Classic season: When Rangers made Celtic work for those medals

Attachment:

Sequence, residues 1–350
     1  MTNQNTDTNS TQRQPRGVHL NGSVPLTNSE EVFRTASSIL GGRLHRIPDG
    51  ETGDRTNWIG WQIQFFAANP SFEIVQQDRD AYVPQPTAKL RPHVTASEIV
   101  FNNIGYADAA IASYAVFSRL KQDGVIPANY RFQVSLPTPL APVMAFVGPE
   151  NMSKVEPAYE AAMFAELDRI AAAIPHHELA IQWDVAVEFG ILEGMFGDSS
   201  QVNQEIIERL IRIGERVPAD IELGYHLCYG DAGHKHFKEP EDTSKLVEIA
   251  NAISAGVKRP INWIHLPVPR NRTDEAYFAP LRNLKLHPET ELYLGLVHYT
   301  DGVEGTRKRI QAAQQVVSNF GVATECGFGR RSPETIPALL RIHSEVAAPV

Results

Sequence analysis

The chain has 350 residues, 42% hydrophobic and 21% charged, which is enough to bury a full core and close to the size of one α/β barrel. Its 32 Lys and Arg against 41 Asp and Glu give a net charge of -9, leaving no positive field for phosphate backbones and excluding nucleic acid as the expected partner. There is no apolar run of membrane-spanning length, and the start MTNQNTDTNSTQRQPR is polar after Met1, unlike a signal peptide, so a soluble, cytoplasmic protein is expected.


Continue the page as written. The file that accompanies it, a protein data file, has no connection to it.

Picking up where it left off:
first_img 4 This feature first appeared on retrofootballblog.comMore: It has been 40 years since ‘the King of White Hart Lane’ stunned Glasgow and made Tottenham fans cry. Under David White, the 34-year-old new boss, and with the likes of John Greig and Willie Johnston among their ranks, they were looking good. Rangers were holding off their rivals and were two points ahead of them when they arrived at Celtic Park on 2 January.A 2-2 draw in front of 75,000 people furthered their claim to the crown given that this was the last Old Firm league meeting of the season. Would Rangers really lose to anyone else? Celtic probably were the better team in this game, but still couldn’t win, so it appeared doubtful.But following that draw, Celtic began putting together a series of wins and March saw them score 32 goals in seven games. It was all they could do and then hope for a Rangers slip up, which they got at the start of April in a draw with Dundee United.Now a point separated the Glasgow clubs and before the month was out, Rangers dropped another when they drew with Morton. There were two games left to play, but Celtic were now top on goal average (goals scored divided by goals conceded).Then, in the penultimate game of the season, a moment of confusion and miscommunication had Rangers fans on cloud nine. They had beaten Kilmarnock and supporters were ecstatic because of a rumour about the result over in Parkhead. Had Celtic really drawn with Morton?“The news spread like wildfire. There was pandemonium. Party songs were sung,” Taylor wrote. “The fans danced with each other. Banners and flags were waved jubilantly.” It looked like the team now held a one point lead with just one game remaining.Except there were still seconds remaining and that was long enough for goal machine Bobby Lennox to pounce and make it 2-1 to those boys in green. Celtic were still top ahead of the final match.“No one knew it yet, but Celtic would now win the league without kicking another ball,” Hoops historian David Potter wrote in Classic Season: Maintaining Excellence.So after Rangers’ loss to Aberdeen where they had twice taken the lead, fans could only hope that Scottish Cup winners Dunfermline beat Celtic by a considerable amount three days later. Spirits had been broken and this really was wishful thinking. Celtic won 2-1 victory and sealed a third successive title. They had been behind their city rivals for much of the season, but still crossed the finish line in first place.Taylor ended with this: “So it was a triumph again for that great manager, Jock Stein, and his brilliant team – but again it was a tragedy for Rangers, who to be fair, had performed so well for so long, but who were still under the shadow of their bitter rivals, Celtic.” Celtic and Rangers were involved in a very thrilling fight for the title 4 4 There was a time when Celtic were made to work for those title medals and history is littered with close calls (the 1985/86 and 2004/05 campaigns spring to mind). Here, Retro Football Blog looks at ?the thrilling 1967/68 Division One season when things were decided on the final day.Celtic weren’t even playing, but Jock Stein couldn’t hide his delight at Hampden Park where Dunfermline had just won the 1968 Scottish Cup at the expense of Hearts.It wasn’t anything to do with events on the pitch, though. No, across Glasgow, inside Rangers’ Ibrox home, Aberdeen had come from behind to score a last-minute goal to all but hand Celtic the First Division title on the final day of the 1967/68 season.“That’s the best result I’ve heard at Hampden,” Stein joked, as journalist Hugh Taylor noted in The Scottish Football Book no.14.Celtic were not playing – they were due to play Dunfermline a few days later – so Stein ran off to find his players who were watching the Cup final and tell them the good news.It was just another twist in what was, according to Taylor, “one of the most exciting, dramatic two-horse races in the history of Scottish soccer.”The title had been Rangers’ to lose and that’s exactly what they did because not only was the Aberdeen match their last of the season, it was also their FIRST defeat.Rangers fans were angry and booed officials and players at full-time. Hopes for the season had been high and focus was firmly fixed on wiping those huge smiles off of Celtic faces.Stein’s men had completely dominated the previous year when they hoovered everything up, including the European Cup and another year like it couldn’t be allowed to happen.As a result of that clean sweep, it is often forgotten that Rangers ran their bitter rivals close; finishing three points behind in the league and reached the Cup Winners Cup final.Things were actually looking rosy as early as the second game of the new campaign when they beat Celtic, but then the bizarre decision was made to get rid of manager Scot Symon in November despite Rangers being top of the league.Even a man who had guided them to six titles, five Scottish Cups and four League Cups across 13 years wasn’t safe in the club’s desperation to match their Glasgow rivals at home and abroad.And to top it off Symon was informed his services were no longer required by the club accountant.During this time Celtic’s fixture list became congested. They had a League Cup final to focus on and then travelled to South America for the World Club Championship. They lost that, but did manage to retain the Cup.Rangers made sure they took advantage and opened up a lead at the top, putting pressure on their neighbours. 4last_img

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